Maybe I’m not the ideal person to make this analogy. After all, I haven’t been single for almost 20 years. That was before smartphones. Before Google. Before social media. Wifi barely existed. There was no Kindle, we actually read paper books. And Netflix wasn’t even an idea.
Regardless, the phrase “Netflix and chill” has become parlance for a laid-back method of closing the proverbial deal romantically with another. A simple statement uttered to another, letting them know your primary goal, all under the guise of another activity.
Unfortunately, it has become customary to say it at the start of an interaction, rather than toward the end of the evening…
Stop Trying to Netflix and Chill Without Knowing Your Potential Partner
With customers going farther down the purchase path online (if not all the way), their expectations for retail salespeople have changed drastically.
When contacting a store in advance of a purchase, they’re looking to have their I’s dotted and t’s crossed. They hope to receive enough information to make an informed decision before walking in. Much like the obvious preference of going out on a date with someone before going to bed with them, shoppers need to be courted, even if a little, so a relationship can be made. Yet, this is not what is happening in your CRMs.
When a lead comes in, you cannot go right for the close without a conversation. The customer is using their screens to prevent engaging with someone who only cares about that one thing. Shoppers want their needs met before being another notch in the belt of a salesperson. They want to be wooed and given some peace of mind that engaging with this sales professional is in their best interest as well.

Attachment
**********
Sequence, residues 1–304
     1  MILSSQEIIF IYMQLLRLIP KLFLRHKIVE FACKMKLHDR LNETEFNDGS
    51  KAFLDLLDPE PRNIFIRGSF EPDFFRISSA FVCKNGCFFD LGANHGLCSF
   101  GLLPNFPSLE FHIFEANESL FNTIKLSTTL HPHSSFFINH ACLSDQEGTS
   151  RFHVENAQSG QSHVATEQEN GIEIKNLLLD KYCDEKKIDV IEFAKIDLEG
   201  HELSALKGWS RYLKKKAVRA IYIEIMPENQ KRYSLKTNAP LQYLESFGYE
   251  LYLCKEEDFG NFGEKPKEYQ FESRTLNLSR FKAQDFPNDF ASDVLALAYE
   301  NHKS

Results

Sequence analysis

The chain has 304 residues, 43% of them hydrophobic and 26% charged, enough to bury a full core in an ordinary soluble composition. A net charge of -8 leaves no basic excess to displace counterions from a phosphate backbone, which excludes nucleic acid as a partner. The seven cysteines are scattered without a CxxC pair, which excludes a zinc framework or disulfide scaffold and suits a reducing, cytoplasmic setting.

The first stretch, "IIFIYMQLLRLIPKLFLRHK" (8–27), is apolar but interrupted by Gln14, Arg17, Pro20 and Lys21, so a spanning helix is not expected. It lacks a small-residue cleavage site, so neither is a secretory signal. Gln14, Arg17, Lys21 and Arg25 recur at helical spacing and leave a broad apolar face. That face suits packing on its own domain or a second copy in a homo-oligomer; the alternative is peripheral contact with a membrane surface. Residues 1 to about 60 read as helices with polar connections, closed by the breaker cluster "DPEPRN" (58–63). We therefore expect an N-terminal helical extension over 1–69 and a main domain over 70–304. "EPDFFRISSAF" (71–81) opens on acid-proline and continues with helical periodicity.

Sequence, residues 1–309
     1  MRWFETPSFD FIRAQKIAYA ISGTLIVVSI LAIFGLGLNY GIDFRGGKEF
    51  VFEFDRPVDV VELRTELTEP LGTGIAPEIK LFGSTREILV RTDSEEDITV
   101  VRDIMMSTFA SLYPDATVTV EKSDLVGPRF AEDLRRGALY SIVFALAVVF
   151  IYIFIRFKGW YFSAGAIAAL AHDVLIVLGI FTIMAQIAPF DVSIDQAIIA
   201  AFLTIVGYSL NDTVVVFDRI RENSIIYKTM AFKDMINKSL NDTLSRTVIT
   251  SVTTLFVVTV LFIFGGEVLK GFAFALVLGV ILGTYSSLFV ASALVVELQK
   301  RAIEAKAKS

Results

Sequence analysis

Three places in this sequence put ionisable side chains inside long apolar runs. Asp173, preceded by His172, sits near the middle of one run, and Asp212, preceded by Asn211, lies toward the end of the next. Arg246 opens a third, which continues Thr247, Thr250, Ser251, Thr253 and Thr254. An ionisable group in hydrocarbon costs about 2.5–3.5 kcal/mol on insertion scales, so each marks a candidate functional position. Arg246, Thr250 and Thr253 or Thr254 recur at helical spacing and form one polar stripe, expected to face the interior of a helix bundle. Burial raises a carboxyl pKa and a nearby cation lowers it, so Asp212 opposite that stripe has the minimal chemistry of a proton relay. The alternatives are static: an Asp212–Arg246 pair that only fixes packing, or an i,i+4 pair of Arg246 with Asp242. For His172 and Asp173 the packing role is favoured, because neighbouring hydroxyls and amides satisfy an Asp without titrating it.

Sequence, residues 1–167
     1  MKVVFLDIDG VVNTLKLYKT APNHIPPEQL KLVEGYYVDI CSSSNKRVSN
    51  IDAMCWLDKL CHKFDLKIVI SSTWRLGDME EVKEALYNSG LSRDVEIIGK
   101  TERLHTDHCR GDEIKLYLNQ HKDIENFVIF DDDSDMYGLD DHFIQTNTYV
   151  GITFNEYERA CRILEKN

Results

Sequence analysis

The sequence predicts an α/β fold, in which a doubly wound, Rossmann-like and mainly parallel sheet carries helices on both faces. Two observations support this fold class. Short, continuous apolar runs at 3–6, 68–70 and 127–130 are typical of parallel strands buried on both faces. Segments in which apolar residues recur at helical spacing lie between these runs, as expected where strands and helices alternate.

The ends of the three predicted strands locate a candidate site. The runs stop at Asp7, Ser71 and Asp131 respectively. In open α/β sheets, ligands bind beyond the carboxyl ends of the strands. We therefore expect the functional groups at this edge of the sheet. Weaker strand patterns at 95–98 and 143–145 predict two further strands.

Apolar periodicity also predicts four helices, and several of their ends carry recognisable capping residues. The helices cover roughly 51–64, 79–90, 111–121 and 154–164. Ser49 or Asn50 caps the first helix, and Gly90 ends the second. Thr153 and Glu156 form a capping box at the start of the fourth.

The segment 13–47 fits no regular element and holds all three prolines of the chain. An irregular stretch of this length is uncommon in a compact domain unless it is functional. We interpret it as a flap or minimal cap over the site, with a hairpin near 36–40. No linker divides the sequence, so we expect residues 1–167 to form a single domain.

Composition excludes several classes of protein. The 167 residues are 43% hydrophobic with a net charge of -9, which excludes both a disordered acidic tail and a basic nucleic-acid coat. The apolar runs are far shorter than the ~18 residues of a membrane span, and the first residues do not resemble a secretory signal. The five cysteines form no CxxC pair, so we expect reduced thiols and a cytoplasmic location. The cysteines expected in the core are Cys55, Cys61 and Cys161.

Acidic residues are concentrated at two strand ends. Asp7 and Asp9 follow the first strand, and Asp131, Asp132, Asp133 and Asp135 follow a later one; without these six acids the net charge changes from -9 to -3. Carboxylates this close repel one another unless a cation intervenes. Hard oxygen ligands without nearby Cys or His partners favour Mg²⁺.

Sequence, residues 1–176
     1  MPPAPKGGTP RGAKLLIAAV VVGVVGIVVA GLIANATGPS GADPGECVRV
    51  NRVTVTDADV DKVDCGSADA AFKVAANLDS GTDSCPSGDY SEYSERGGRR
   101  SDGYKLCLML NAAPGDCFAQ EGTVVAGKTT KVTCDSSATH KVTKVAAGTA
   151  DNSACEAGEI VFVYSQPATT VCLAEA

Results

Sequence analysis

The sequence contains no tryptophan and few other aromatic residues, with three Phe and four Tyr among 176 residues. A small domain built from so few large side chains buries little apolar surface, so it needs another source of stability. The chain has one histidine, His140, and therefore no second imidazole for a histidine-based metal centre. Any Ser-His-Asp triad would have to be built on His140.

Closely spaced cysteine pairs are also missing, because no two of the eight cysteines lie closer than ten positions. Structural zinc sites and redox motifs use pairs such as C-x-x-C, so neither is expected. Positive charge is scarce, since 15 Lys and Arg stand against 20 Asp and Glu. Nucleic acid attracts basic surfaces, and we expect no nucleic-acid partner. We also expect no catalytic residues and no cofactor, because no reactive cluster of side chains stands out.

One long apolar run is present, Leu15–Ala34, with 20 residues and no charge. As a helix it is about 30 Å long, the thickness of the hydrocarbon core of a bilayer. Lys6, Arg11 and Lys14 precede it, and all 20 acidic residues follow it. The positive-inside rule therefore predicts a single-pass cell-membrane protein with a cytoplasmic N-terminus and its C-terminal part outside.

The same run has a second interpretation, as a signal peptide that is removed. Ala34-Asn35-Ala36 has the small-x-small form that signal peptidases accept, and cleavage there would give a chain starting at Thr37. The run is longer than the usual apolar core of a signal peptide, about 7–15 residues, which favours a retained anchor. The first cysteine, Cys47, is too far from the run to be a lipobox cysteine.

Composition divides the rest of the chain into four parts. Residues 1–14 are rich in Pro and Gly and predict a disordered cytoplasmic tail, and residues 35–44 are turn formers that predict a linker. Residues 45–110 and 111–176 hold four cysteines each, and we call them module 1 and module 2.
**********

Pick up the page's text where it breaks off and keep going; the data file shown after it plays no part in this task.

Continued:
How do we Netflix and Chill our customers too quickly?
The answer can be found in your team’s first responses by email and text…
Stop Inviting People to Netflix and Chill Too Quickly
As DealerKnows monitor CRMs and review lead handling, we see many ISMs, salespeople and BDC alike going right for the appt/sale/date/kill immediately. The prospect may have submitted a lead on a call-to-action saying “Request a Quote” or “Get ePrice”, but our first reply involves a request to “come on in” or “schedule a test drive”.
Inviting a prospect into the store for a test drive is fine, but not before you’ve at least answered or addressed their question. You need to build a little trust with the customer by answering their questions, or trying to understand their needs, before pushing them toward your own agenda. No agent’s first reply to a customer should be a “when can you come in?”. Yet that is exactly what is happening. Your first interaction cannot be “let’s schedule a test drive” unless the call-to-action which they submitted the lead was to do just that.
Stop Trying to Netflix and Chill Without Letting Them Know Why They Should
When someone wants to date online, I’d like to believe most prefer a date at a restaurant prior to a date on a mattress. People want to be validated. Interested. Courted. Cared for (one would hope). No one wants to be a number and no one wants to feel like they were only there to fulfill another’s goals. Instead, make sure they’re comfortable with you first.
Do they know “why you” are a good choice? Have you exceeded their expectations with the attention paid to them? Have you shown them your goal is a relationship and not a one-deal-stand?
Closing the deal, whether it be in sales or in dating, sounds like it has a finality to it, yet the best deals have an expectation of continued engagement.
For a deal to occur, it requires TWO parties to enter into a mutually beneficial relationship/agreement. If the salesperson hoping to close the deal makes all communication only about their own needs, with constant requests to come in, get in here, check it out, stop in, visit, buy, or let’s get this thing done, it’s disrespecting shopper’s hope for a mutually beneficial relationship.
Asking for the deal too quickly, without showing respect to the other party’s initial intent, is trying to Netflix and Chill them before taking them out on a first date. Let’s get back to earning people’s business rather than expecting it. We need to win people over through with words, action, and effort rather than demanding they acquiesce to our whims.
They say it takes two to tango. Same goes for deal-making. Both people need to see it as a win. Otherwise, you’re not being a good salesperson, you’re just being a selfish lover.